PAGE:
She was instrumental in my own testing for the BRCA 1 and 2 mutations and Lynch Syndrome. My family history meant that I was a prime candidate for the testing. My mother and father couldn’t get tested for the genes because their insurance does not cover any sort of genetic testing, but mine did. And Anne made sure I had all the information I needed. Anne even personally met with MY doctor. And I found out while I was in Europe attending the 2012 summer Olympics that I was negative for the BRCA mutations and lynch syndrome. *cue sigh of relief*
And then….Anne had to leave her job. It was for a really good reason though.
Believe me, it wasn’t an easy decision and there were tears. But Anne’s boyfriend, who she’d only been dating a few months prior to her diagnosis of breast cancer (and who dated her through surgeries and chemo and puke and no hair) proposed to her. She accepted and agreed to move away from this job that gave her so much direction and purpose to invest in her personal life and be with the man she loves. It was a no-brainer of a decision but that doesn’t mean it was easy to leave. She loved that job but she loved the man more. She hadn’t been with the company long enough to be considered for a move so she had to leave the company and hope that a job in her new location might be available. But there wasn’t a job for her. So, Anne…freshly married and with her titanium core, struck out to find a job.
I don’t have to tell you how difficult of a job market there is out there. I don’t have to tell you that a career change just a few years ago leaves some questions for anyone reading her resume. Financial sector to a title that appears to be in health care sales but was really a position of educating and coordinating and supporting physicians. Those computer programs we discussed…they’re baffled by Anne. But if she could just land the interview, she’d land the job. Perhaps the most resounding recommendation I can offer is this: Everyone in grad school always wanted Anne on their team projects. You all know that group projects are the bane of just about any academic program. But Anne’s determination and organization coupled with her ability to follow through and produce results no matter how difficult or tedious the job was made her stand out to everyone that has ever had the pleasure of working with her.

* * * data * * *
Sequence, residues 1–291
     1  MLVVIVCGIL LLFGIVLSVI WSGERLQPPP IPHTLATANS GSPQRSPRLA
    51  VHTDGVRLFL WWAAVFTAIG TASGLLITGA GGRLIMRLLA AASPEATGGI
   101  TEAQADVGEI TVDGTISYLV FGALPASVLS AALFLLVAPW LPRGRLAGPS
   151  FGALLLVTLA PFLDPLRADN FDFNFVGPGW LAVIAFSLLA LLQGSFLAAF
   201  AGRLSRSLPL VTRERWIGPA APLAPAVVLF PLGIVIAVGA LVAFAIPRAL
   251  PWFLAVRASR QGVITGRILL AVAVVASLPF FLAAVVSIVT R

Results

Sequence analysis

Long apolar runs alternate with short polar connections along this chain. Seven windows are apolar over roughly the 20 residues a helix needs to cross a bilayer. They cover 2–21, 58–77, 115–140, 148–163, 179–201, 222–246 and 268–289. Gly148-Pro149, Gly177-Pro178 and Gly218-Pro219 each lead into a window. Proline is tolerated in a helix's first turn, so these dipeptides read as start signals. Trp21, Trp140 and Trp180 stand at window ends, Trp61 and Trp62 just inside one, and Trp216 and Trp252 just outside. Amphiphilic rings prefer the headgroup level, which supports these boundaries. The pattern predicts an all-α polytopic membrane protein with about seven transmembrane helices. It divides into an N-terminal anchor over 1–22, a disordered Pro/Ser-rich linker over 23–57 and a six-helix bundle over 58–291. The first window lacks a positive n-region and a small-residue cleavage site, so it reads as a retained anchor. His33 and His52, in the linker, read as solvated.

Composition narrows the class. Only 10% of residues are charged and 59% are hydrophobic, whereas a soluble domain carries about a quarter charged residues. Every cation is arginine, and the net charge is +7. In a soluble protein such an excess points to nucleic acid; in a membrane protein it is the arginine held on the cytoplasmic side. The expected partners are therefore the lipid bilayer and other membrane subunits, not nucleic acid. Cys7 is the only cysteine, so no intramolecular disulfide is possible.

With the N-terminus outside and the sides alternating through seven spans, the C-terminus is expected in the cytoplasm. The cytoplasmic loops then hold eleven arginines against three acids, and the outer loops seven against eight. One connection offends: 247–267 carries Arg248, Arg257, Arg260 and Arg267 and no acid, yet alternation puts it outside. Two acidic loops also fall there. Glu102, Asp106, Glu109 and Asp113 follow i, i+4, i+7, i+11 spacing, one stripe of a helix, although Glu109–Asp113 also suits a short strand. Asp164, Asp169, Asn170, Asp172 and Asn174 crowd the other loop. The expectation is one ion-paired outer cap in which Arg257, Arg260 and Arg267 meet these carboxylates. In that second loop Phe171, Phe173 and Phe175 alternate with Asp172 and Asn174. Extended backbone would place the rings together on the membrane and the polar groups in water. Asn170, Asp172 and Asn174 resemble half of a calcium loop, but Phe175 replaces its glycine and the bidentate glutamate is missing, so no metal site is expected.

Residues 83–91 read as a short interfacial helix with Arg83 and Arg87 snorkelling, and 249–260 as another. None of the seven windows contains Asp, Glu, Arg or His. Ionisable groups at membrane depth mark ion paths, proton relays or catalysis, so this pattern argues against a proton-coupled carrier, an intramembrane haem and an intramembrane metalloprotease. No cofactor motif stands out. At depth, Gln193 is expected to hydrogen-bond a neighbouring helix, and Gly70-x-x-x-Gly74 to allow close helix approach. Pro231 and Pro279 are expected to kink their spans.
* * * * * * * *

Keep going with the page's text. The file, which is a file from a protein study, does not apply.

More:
So, every time we talk and she recounts her latest job hunt stories, I see the disappointment growing. I just know that the only reason she doesn’t yet have a job is because being completely new to the area, she doesn’t have the network she needs to get into the door. She’s not what the computer programs are looking for but she’s everything the employers are looking for. They just have to speak with her.
Anne’s dream job would be some sort of patient advocate or education position. She’s got a gift of dealing with people that would make her ideal for corporate training or coaching positions. She still attends conferences to discuss her story and encourage genetic testing for cancer because she’s both relate-able and eloquent. She’d be willing to go back into the financial sector but she’d be more excited about a job that combined her experience in the financial sector with somehow helping cancer patients. Some of the career options we’ve kicked around include non-profits, possibly tied to research grants and proposals. She’d love to work for an organization like the American Cancer Society. Anne just moved to the Orlando, Florida area and if you can share this with anyone that could help her get a foot in the door somewhere, she’ll take it from there. It’s hard to see someone that fought so hard against cancer feel so beat up by a job hunt.
Help me find Anne a job. Share this post, tweet it, email it to your friends or colleagues that do hiring. Anne is amazing, and somebody out there needs her. Help them find her.
You can contact Anne via LinkedIn: www.linkedin.com/pub/anne-weber/9/b51/b14, email her at annedietz at yahoo.com or you can leave a comment below.